An ideal slot between “Mad About You” and “Seinfeld” should shore up the prospects for “Friends,” new sitgiggle about six pals’ lives and fortunes in Manhattan. Spirited ensemble playing, directed aptly by James Burrows, should help ease the show through its early days, but if the series is to have legs, funnier writing is needed.
Storyline revolves around Monica (Courteney Cox), who’s sharing her apartment with spoiled Rachel (Jennifer Aniston), who just walked out on her own wedding; Rachel fights with her rich father and doesn’t know how to get a job.
Monica’s older brother Ross (David Schwimmer) is in the dumps because his wife has just ankled after four years. Blonde Phoebe (Lisa Kudrow), Monica’s college roommate and dealer in psychic-related matters, offers bubblehead advice; roommates Joey (Matt LeBlanc), an actor, and Chandler (Matthew Perry) so far act as a chorus to the action.
Concept is OK, but the humor’s less sophisticated than expected from the exec producers of HBO’s comedy series “Dream On,” and the dialogue is not exactly snappy. Ross: “I honestly don’t know if I’m hungry or horny!” Chandler: “Stay out of my freezer.”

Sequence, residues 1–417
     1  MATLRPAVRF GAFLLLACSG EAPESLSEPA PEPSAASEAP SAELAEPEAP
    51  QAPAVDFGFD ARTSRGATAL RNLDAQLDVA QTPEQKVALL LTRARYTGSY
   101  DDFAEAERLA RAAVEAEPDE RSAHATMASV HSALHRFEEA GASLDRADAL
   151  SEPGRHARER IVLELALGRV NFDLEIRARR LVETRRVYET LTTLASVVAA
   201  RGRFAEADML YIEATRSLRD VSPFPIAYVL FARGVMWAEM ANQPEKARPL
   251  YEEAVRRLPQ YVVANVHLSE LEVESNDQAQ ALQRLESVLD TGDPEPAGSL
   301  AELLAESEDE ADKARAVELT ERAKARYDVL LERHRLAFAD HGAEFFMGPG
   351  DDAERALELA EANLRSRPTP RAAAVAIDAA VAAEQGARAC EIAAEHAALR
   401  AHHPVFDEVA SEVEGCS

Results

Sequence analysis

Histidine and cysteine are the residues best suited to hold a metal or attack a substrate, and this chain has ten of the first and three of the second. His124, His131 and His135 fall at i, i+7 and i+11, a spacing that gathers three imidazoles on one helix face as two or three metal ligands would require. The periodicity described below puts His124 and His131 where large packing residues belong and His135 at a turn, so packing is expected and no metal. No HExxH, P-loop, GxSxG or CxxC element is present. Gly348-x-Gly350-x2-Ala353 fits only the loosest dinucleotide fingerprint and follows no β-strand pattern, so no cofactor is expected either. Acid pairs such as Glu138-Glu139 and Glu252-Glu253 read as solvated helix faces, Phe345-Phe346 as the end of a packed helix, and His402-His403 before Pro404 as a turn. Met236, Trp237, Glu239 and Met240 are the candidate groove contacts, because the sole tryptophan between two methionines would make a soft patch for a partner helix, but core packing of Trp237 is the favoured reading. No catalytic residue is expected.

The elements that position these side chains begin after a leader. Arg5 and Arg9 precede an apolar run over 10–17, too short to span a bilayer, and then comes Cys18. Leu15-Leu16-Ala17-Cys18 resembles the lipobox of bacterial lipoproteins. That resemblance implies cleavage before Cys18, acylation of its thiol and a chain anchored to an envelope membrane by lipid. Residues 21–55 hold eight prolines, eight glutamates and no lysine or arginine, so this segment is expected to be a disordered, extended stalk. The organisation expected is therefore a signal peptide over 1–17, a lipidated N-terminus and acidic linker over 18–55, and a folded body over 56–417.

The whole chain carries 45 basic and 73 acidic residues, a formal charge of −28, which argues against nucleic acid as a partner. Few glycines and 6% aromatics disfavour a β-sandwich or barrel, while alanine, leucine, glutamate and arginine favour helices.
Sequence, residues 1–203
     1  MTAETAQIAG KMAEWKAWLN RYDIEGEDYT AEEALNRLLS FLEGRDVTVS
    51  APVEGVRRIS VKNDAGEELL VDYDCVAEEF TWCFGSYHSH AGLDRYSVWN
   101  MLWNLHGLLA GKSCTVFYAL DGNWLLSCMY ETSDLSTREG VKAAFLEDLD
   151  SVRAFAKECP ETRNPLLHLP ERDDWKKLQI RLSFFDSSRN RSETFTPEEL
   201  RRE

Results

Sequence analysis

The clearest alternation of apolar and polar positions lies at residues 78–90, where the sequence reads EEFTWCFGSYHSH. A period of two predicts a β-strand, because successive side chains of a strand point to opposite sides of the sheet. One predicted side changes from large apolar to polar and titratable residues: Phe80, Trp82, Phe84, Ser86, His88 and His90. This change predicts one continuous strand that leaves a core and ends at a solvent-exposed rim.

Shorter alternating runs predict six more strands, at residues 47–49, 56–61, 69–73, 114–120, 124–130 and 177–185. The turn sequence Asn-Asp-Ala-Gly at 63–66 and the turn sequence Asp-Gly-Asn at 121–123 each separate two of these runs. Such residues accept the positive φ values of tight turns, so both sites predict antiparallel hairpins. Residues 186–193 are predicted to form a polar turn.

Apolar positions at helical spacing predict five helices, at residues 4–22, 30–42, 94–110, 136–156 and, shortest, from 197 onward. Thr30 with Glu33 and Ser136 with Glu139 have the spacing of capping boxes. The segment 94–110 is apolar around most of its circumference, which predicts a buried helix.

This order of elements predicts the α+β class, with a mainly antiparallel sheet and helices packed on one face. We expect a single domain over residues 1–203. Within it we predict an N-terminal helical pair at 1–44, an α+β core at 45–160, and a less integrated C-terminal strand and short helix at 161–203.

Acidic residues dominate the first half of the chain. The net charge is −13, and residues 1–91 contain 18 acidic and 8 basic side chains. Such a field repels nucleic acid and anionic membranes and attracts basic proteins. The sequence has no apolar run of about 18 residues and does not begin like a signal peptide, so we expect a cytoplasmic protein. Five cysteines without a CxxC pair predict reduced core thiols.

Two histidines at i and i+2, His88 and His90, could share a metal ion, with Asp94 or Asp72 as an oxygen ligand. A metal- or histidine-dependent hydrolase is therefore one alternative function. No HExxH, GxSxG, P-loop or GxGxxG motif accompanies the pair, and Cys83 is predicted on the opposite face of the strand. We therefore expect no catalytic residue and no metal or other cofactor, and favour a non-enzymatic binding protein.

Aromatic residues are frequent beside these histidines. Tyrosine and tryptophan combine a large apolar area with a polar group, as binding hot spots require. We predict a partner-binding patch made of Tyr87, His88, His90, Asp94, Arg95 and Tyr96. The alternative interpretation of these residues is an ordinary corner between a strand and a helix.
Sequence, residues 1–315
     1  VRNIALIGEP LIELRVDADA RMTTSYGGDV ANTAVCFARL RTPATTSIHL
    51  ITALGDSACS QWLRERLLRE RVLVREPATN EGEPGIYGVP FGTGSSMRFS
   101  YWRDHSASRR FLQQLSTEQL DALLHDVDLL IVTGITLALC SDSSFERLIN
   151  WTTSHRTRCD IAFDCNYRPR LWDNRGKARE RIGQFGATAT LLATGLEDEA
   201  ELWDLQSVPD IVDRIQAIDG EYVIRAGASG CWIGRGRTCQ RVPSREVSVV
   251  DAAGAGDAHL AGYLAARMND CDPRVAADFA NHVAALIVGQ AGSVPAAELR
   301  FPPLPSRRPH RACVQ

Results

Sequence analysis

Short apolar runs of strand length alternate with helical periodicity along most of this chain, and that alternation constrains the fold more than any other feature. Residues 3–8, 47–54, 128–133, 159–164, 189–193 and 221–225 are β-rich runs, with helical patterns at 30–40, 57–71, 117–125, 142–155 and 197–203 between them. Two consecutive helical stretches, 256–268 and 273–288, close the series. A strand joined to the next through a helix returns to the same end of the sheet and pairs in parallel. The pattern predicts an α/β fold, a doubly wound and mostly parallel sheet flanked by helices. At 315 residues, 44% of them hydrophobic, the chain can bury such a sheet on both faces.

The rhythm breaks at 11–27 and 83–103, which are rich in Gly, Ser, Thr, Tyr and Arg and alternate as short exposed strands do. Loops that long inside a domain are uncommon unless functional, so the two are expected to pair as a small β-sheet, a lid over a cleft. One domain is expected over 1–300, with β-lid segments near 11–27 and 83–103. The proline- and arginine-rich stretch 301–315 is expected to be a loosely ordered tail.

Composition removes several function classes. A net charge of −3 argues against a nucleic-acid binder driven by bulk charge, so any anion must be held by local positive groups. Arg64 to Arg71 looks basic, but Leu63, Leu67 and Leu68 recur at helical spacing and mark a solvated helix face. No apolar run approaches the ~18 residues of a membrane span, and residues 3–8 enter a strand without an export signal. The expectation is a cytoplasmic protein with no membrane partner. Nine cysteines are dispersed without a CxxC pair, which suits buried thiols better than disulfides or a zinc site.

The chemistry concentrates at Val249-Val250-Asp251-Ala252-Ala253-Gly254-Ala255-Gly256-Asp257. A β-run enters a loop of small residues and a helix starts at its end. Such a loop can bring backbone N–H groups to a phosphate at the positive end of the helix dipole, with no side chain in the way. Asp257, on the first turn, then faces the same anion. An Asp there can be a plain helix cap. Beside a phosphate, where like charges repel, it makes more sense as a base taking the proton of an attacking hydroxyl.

Moral and health issues are sidestepped altogether: “Friends” touts promiscuity and offers liberal samples of an openness that borders on empty-headedness. It’s not much of a positive example for juves, though.
Pilot centers around Monica’s bad luck with previous dates and what happens when she welcomes a new man to her bed. An embarrassing situation seems to be the worst that comes of the encounter — at least, for the time being.
All six of the principals, especially Cox and Schwimmer, appear resourceful and display sharp sitcom skills. But even the best tightrope walkers need dependable rigging, and the pilot, a getting-to-know-you script, offers little support. Maybe the timeslot will give everyone a break.